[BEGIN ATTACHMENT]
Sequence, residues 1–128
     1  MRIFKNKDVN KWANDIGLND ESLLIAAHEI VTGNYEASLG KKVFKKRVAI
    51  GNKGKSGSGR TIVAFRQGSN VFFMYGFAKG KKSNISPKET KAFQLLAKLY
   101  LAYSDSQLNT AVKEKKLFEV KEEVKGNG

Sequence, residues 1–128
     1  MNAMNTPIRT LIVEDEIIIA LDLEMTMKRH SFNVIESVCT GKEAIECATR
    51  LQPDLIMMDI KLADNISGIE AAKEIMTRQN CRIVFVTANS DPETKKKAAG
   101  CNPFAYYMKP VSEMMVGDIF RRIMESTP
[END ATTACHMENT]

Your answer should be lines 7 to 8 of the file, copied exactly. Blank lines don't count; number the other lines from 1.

    51  LQPDLIMMDI KLADNISGIE AAKEIMTRQN CRIVFVTANS DPETKKKAAG
   101  CNPFAYYMKP VSEMMVGDIF RRIMESTP